It started out as a Google spreadsheet where University of Guelph students could input data they gathered while observing squirrels.
Now the citizen science project is being turned into an app, which one U of G masters student hopes will help encourage the community, and users across the country, to develop their own research skills.
“I really want it to be a platform and an opportunity to also elevate other early career researchers,” said Elizabeth Porter, coordinator of Squirrel Life Community Project. "That's the goal of having something so accessible and easy to use."
Squirrel watching isn't as mainstream as bird watching, but Porter said these animals can exhibit simple or complex behaviours, like deceptive caching, where squirrels pretend to bury food in one location to fool other animals.
"How clever is that, that the squirrel is hiding its nut so animals don’t come and dig it up," said Porter. "The more squirrels you saw the more you notice different behaviours."
Porter started Squirrel Life after hearing from friends who were unable to participate in experiential learning opportunities during the pandemic. Also a masters student in the department of integrative biology, Porter was doing her own research on squirrels when she realized students observing these animals would be an easy way for them to gain hands-on experience with data.
"That came together to make this beautiful synergy of nature and science and also learning, and how we can combine those to do something really powerful for people of all ages," said Porter about the project.
"It's one thing to be taught or told how to observe an animal, sitting in a classroom, or sitting at a screen and watching a professor talk, but it's a different thing to go out and actually get to do it," Porter continues. "The more squirrels you see, the more you start to notice their different behaviours."
Starting the project with first-year biology students in 2021, Porter assigned the students to go on a squirrel walk and provided them with a reflection worksheet to write down their thoughts.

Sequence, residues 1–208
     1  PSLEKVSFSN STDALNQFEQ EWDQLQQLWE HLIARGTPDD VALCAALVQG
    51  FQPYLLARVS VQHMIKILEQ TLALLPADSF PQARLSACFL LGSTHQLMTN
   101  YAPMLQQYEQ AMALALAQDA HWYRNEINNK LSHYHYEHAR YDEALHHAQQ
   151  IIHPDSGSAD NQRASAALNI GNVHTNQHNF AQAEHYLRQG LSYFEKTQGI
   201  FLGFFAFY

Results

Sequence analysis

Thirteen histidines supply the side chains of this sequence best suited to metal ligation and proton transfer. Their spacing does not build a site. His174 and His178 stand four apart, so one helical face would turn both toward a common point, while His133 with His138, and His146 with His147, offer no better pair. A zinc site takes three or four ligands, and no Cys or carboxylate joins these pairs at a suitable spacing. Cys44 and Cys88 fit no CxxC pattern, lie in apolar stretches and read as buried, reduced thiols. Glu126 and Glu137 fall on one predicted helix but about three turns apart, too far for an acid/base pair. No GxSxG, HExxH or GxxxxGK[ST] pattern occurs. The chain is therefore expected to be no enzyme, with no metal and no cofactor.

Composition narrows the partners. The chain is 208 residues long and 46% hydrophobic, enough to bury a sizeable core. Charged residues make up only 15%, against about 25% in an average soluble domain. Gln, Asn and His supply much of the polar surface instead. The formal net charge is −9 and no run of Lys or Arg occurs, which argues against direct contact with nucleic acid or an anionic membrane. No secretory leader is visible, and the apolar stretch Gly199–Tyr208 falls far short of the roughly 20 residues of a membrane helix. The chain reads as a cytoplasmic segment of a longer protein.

"The reflections were absolutely awesome to read," she said about the responses, noting some students called it the highlight of their semester.
With all the data that was coming in, Porter said the Google spreadsheet became less reliable, and the project transitioned to an online platform called EpiCollect5, which also has an app.
Wanting a customizeable citizen science app with GPS capabilities and a user-friendly interface so that all ages could collect data, Porter reached out to the Computer Science program and they went to work building a Squirrel Life app.
“When we release it, we want to be super user friendly and just easy and fun to use, because the idea is that it’s not hard, that anybody at any age can participate in it and enjoy it.”
The Squirrel Life app was designed by undergraduate students from the Computer Science program. Porter said this also became an experiential learning opportunity for those students, and she was impressed by how they were able to put together a professional looking app.
“They had to figure out a lot of the code, and debug it, and stuff I don’t even know about, they did a lot of really, really hard work,” she said.
The app is expected to launch later this spring. Once up and running, users will be able to write and upload observations about squirrels in different locations to the app. They will also get to see data submitted by other users in the community online, which could fuel research projects.
“So the mobile app will be the data collection tool and the web portal will be the data exploration place,” Porter said about the concept for the Squirrel Life app.
The release of this research to the public will be part of an upcoming event called Squirrel Life Spring 2022 Community Event, which takes place March 26. At the event, residents can learn more about the program, get free goodies and go on a self-guided squirrel walk. To register for the event, click here.
Originally planning to release a beta version of the app at the event, Porter said interest in the project led the team to delay the launch until all the bugs had been figured out. For the time being, the community project will be available on EpiCollect5, which she said will be very similar to the project students are currently participating in.
Excited for the release of the app, Porter hopes it will see participation from people who aren't as connected to nature, but are connected to their devices.
"I hope by people experiencing nature more will care about it more," said Porter. "We all have to live and part of that is keeping the environment healthy."
To learn more about the Squirrel Life Community Project, click here.